Why You Should Consider Gifting to a Charitable Lead Annuity Trust

November 27, 2020
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If you’ve been following the Illumination Wealth Blog lately, you will have seen some good year-end tax planning tips. If you are looking to lower your 2020 taxable income and do some good in the process, then you will want to consider gifting to a Charitable Lead Annuity Trust (CLAT) before the year is through. There are several reasons why it makes more now more than ever.

What is a CLAT?

First, let’s look at what a Charitable Lead Annuity Trust actually is. It is a trust set up by the donor. The donor (or sponsor) is able to contribute assets including cash, property or marketable securities. The CLAT pays an annuity amount each year to a charity of the donor’s choice based on the defined term of the trust. When the CLAT’s term has ended, the remaining assets can return to the donor or to their named beneficiaries. Or, the CLAT can be designed to pay out to a donor-advised fund (DAF). This means further charitable gifts will be made based on the direction of the donor or his/her family.

Setting up a Charitable Lead Annuity Trust will provide the donor with excellent income tax or estate and gift tax benefits. At the same time, it also supports charitable organizations of your choice. Like all charitable donations, a CLAT a win-win scenario as every party benefits in different ways. It’s just a more sophisticated legal arrangement that makes more sense for certain donors.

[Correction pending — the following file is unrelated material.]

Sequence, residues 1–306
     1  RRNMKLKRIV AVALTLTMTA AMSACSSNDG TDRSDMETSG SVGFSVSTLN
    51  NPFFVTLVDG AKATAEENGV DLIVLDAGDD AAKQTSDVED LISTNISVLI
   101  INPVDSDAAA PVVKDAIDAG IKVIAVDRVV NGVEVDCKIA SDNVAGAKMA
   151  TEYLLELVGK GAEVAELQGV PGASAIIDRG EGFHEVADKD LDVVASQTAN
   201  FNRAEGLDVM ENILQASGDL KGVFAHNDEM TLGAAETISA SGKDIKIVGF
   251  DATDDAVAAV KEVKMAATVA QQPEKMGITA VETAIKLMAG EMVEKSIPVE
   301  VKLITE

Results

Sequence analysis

Types of Charitable Lead Annuity Trusts

There are two different types of CLATs you will want to consider, depending on your financial objectives:

  • Grantor CLAT—This is usually the best option if your goal is to create a charitable income tax deduction. You are able to deduct your donation immediately. However, you will have to pay income tax on the CLAT’s taxable income during the term, including any portion paid to charity. A grantor CLAT offers more immediate tax benefits compared to year-over-year gifting to charity.
  • Nongrantor CLAT—This is more of a long-term approach, typically aimed at transferring assets to family (or other beneficiaries). A nongrantor CLAT allows you to pass on these financial assets while using little-to-none of your lifetime estate and gift tax exemption. There is no initial income tax deduction, but the value will come over time and it’s a strategic method to transfer significant assets to your beneficiaries at the end of the CLAT’s term.

Why CLATs Are Smart Investments in 2020

The COVID-19 impact has resulted in very low interest rates. One of the most important rates to look at is the Section 7520 rate, which is reset by the IRS on a monthly to measure the value of an annuity or other stream of payments. The 7520 rate has been at historically low rates in recent months. This creates more opportunities for CLAT donors. In other words, now is a very good time to establish a Charitable Lead Annuity Trust before rates start to rise again. Whether you create a grantor CLAT or a nongrantor CLAT is up to you and your specific short-term or long-term financial goals.

To learn more about Charitable Lead Annuity Trusts and other financial planning, tax planning and estate planning techniques that you can take advantage of before 2020 comes to an end, contact Illumination Wealth today for a financial advisement session.